Hillary Clinton picked up the endorsement of billionaire environmentalist Tom Steyer on Wednesday morning, hours after she was projected to win California’s primary.
“Today I am endorsing @HillaryClinton for President,” Steyer, founder of the California-based NextGen Climate advocacy group, announced on Twitter. “Now is the time for us to unite and defeat Trump. #ImWithHer”
Steyer, who was one of Clinton’s early backers during her 2008 campaign, hosted a fundraiser last summer for the former secretary of state. But he never came fully on board until this week, when Clinton locked up her party’s nomination.
Why the delay in endorsing her this time around?
“We really wanted to play a very specific role in this campaign, which was to make sure climate and energy were a central part of the conversation,” Steyer told Yahoo News on Wednesday. “So what we did was try and challenge every single candidate for both parties to come up with solutions to the climate crisis.”
— Tom Steyer (@TomSteyer) June 8, 2016
As for the climate, Steyer said the choice between Clinton and presumptive Republican nominee Donald Trump is crystal clear.
“We couldn’t imagine a starker choice between candidates than the ones we’re getting here,” Steyer said. “[Trump] is not a policy-driven candidate. He is an attitude-driven candidate, and his attitude is pretty much belligerence.”
Last month, Trump outlined an energy policy plan that would roll back environmental protection regulations enacted by President Obama, expand fossil fuel exploration and revive the nation’s coal industry. During a recent campaign stop California, Trump, who once described global warming as a Chinese hoax, declared, “There is no drought.”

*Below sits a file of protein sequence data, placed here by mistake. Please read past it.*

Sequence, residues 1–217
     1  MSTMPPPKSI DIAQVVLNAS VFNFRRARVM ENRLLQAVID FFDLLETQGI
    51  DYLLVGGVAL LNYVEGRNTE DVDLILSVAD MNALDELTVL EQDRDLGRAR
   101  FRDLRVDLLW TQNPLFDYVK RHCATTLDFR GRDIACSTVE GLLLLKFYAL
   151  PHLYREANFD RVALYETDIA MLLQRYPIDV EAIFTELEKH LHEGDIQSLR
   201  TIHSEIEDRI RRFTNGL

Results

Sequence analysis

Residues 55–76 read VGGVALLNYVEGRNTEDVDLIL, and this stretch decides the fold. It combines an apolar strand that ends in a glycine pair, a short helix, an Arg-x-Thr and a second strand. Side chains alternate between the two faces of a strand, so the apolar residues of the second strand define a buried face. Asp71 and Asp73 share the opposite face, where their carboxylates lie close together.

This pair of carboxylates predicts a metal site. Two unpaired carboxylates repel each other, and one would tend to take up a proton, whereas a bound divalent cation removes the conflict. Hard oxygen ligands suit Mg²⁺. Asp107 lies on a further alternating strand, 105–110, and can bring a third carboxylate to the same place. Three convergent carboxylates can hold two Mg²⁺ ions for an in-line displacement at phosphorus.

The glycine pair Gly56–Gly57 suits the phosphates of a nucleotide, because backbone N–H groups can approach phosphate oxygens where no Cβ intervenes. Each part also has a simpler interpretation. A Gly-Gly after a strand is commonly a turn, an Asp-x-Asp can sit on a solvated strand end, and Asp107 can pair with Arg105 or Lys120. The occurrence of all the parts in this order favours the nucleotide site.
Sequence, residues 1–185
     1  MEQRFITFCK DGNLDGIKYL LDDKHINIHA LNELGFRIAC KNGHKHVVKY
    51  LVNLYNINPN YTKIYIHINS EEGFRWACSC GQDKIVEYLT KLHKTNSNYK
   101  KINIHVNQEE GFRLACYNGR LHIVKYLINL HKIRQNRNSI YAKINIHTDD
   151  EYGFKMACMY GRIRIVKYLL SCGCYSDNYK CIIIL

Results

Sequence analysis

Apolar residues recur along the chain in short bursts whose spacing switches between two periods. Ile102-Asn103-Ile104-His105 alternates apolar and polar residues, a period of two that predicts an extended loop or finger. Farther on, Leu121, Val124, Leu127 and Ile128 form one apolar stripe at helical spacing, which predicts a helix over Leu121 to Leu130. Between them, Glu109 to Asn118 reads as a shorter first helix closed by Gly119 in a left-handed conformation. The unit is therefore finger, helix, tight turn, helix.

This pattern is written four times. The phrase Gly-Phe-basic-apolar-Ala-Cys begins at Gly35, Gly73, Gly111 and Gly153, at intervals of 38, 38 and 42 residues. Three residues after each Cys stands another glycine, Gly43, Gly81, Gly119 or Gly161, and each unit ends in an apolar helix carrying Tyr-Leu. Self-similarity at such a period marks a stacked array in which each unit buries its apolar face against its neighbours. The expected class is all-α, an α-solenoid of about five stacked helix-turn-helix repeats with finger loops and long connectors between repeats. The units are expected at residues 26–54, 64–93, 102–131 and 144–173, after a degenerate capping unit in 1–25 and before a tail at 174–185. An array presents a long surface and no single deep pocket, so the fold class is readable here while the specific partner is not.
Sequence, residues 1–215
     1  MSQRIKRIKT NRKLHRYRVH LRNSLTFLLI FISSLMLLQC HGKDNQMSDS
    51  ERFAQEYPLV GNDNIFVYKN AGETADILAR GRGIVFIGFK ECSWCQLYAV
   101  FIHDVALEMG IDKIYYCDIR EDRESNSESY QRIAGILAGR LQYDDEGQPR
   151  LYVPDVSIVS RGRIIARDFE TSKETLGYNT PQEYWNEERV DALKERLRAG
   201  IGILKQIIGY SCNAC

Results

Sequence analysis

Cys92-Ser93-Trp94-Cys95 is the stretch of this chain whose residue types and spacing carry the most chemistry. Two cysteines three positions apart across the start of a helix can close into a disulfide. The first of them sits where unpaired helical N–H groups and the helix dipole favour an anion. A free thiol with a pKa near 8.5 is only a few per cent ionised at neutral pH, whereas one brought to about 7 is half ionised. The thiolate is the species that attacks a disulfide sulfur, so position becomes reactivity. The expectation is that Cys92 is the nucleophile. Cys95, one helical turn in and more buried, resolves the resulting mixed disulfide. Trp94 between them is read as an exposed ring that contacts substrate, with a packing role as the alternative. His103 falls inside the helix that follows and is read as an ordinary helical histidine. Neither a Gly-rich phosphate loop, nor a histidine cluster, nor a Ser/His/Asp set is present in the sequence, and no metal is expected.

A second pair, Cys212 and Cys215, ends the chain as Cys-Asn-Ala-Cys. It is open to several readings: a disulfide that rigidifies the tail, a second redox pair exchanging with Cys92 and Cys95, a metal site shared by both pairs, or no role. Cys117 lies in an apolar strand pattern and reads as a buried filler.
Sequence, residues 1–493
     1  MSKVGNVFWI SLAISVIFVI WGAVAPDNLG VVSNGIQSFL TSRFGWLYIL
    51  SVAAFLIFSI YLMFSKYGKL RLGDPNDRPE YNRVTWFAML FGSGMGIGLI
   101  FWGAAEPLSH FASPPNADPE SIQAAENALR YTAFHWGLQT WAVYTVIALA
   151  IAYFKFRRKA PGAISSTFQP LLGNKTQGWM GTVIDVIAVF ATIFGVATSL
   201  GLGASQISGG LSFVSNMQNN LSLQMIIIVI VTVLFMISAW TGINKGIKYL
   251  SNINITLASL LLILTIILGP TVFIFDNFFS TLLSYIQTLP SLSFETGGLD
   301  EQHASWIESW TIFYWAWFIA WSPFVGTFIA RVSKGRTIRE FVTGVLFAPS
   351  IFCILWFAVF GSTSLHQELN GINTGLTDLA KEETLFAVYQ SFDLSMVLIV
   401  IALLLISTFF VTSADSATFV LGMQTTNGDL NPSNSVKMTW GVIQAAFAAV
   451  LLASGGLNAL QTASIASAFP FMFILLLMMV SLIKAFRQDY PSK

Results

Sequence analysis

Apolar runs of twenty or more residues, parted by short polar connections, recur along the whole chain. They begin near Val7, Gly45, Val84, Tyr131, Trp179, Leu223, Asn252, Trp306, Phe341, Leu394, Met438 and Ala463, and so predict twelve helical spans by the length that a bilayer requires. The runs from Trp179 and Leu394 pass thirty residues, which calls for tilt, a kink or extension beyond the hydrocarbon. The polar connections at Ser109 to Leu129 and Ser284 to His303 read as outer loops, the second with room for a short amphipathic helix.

“As far as I can tell, he’s shown no understanding of the topic, no awareness of what’s going on and no ability to take information and turn it into a forward-thinking policy,” Steyer said, adding that a President Trump “would absolutely be a disaster for the world.”
Steyer wouldn’t say how much money he’s willing to spend to make sure that “disaster” doesn’t happen.
“There is just a dramatic choice between these two presumptive candidates,” he said. “And it is really important that people rally around Secretary Clinton.”
Clinton’s main primary rival, populist Vermont Sen. Bernie Sanders, continues to stay in the race despite the fact that Clinton now has enough delegates to be the nominee. Many observers have speculated that Clinton will need Sanders’ support to ultimately unify Democrats behind her candidacy.
Steyer, a former hedge fund manager, dismissed concerns that another “big money” endorsement of Clinton could hinder her efforts to attract supporters of billionaire-averse Sanders, who has railed against Citizens United — the 2010 Supreme Court ruling that opened the doors for so-called super PACs that could spend unlimited sums during elections.
“We’ve always been opponents of the Citizens United decision,” Steyer said. “Our role is to empower voter-to-voter contact to ensure there is the broadest possible democracy.”